Eat what you love and use these handy tools to become your healthiest best!
Use this tool, which estimates body fat, to determine whether your weight is in a healthy range.
Note: BMI does not take into account weight distribution. A waist circumference (or measurement) of over 35 inches for women and 40 inches for men is associated with negative health risks.
This calculator estimates the number of calories you need each day to maintain or lose weight. To amount of calories shown to “lose weight” should result in approximately 1# of body fat loss – with no change in activity. Increasing your activity level or reducing your calorie intake further will help you lose weight more quickly.
Note: Consuming fewer lthan 1200 calories a day is not recommended.
This calculator estimates the number of grams of carbohydrate recommended each day based on your calorie intake*. The calculation is based on a healthy moderation of carbohydrates to encourage weight loss, and to help control blood sugar. For optimal energy and blood sugar management the total grams of carbohydrate consumed should be evenly spread throughout each day.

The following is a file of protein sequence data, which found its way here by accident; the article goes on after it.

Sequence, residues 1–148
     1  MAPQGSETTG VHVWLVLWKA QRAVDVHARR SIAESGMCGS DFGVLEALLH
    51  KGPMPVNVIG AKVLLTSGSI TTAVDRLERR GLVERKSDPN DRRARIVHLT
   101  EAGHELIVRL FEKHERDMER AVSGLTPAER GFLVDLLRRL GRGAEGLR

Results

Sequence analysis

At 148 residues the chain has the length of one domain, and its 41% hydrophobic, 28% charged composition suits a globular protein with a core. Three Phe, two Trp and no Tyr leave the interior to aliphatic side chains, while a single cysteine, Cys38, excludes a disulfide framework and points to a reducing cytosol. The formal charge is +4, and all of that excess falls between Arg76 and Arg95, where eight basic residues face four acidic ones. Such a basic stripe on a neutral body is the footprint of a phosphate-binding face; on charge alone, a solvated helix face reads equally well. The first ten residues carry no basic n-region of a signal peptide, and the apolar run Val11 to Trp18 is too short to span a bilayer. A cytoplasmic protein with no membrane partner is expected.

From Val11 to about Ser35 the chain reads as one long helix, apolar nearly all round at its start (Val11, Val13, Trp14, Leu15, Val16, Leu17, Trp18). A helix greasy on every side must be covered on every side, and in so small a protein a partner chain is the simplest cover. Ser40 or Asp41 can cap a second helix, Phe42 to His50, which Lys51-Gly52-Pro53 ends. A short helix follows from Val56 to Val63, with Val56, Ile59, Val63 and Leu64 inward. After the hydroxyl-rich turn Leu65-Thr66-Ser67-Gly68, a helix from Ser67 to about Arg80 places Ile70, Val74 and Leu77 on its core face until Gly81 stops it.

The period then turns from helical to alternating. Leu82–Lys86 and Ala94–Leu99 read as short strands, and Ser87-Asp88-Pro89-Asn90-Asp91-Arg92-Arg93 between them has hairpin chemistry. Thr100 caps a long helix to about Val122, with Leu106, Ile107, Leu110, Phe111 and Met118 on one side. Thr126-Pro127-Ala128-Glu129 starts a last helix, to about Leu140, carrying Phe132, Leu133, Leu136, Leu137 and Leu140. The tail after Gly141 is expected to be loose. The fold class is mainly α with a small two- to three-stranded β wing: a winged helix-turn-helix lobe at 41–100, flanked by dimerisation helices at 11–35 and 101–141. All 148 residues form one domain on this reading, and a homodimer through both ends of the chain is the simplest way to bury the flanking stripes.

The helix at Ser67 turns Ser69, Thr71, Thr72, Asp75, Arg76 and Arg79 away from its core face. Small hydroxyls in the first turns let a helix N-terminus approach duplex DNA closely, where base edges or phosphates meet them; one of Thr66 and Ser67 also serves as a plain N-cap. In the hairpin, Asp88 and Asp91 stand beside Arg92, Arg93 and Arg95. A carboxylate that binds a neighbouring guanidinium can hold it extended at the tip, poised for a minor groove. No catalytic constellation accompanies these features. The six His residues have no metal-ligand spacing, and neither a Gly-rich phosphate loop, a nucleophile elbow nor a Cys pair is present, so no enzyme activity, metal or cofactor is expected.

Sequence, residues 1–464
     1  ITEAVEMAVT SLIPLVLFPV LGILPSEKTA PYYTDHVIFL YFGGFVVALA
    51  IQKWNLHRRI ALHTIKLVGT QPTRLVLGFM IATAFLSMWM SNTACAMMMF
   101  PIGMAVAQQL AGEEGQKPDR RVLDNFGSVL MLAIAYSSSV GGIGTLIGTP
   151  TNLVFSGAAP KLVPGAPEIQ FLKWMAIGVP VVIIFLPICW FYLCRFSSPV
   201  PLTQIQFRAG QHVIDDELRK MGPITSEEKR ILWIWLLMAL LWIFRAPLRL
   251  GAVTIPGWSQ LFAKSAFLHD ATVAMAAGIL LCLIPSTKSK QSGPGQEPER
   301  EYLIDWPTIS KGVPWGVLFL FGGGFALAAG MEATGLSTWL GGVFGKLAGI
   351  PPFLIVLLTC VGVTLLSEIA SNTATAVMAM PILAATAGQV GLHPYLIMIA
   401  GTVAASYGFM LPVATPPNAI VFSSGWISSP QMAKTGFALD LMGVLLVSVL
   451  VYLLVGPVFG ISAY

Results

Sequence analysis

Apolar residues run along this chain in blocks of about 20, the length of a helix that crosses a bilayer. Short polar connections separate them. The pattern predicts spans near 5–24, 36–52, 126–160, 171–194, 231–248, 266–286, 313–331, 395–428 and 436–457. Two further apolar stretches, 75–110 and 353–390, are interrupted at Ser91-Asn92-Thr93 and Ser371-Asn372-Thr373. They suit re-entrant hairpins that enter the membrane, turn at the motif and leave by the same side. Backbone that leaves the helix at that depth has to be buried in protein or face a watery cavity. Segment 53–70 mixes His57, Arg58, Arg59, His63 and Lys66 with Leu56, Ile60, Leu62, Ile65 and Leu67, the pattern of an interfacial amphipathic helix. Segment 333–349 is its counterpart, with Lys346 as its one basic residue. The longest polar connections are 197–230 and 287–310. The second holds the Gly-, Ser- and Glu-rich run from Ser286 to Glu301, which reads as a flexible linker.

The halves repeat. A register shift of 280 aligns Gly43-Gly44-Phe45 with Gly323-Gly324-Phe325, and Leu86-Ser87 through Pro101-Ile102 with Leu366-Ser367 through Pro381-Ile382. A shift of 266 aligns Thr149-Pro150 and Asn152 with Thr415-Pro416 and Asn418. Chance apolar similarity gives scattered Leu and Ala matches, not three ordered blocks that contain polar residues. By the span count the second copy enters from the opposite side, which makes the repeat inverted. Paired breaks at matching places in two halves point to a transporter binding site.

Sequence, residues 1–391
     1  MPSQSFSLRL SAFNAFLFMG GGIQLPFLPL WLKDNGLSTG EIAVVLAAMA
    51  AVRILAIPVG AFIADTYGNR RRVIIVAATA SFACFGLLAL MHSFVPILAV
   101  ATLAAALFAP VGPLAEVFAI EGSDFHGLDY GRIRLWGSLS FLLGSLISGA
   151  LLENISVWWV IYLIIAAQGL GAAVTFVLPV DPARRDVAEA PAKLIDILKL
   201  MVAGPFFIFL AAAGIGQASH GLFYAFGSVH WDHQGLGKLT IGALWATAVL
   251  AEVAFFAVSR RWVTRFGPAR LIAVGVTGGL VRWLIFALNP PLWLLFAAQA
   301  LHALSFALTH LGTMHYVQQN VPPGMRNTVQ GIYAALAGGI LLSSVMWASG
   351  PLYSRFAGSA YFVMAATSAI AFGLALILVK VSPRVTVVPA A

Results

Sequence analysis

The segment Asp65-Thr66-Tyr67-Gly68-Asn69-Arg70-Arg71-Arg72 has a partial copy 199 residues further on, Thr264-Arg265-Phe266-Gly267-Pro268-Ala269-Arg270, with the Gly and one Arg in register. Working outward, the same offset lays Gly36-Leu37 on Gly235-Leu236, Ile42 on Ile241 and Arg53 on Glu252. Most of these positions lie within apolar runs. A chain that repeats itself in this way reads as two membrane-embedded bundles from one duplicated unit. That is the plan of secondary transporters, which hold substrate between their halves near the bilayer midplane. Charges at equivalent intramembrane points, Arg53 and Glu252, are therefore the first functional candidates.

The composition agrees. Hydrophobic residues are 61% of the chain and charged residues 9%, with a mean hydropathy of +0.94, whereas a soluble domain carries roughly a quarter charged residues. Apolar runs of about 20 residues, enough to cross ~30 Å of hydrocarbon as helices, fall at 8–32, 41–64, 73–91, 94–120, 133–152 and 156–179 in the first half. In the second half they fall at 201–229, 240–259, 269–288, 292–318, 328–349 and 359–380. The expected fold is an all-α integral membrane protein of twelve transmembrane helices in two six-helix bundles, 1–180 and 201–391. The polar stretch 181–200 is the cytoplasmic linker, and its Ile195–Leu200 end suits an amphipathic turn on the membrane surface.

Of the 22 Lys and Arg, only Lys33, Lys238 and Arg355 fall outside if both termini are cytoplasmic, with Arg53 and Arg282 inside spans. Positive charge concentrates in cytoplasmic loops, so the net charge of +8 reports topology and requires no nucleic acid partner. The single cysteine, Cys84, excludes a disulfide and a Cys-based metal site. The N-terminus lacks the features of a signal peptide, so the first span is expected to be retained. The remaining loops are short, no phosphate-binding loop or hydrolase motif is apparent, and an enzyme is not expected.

This calculator estimates the number of calories burned for activities. To speed weight loss and feel great there’s nothing better than getting your body moving! Aim for 30 minutes of activity or exercise 5 days a week for better health, and from 60 to 90 minutes 5 days a week to speed or maintain weight loss.
A food diary is a powerful tool when it comes to weight loss. A recent study revealed that those who kept a food diary lost twice as much weight as those who didn’t. Jot down what you eat and track the weight loss!
If you have diabetes, testing your blood sugar regularly is essential for you to avoid long-term complications and to feel your best. Use this log along with instructions from your health care provider for when to test, how often to test, and how to interpret your personal results.
Due to individual variations, carbohydrate needs may vary from this estimate. Notable exceptions are children, those ill, pregnant or breastfeeding, and competitive athletes. Consult your physician, a registered dietitian, or a certified diabetes educator for further information, specific needs, and personalized meal plans.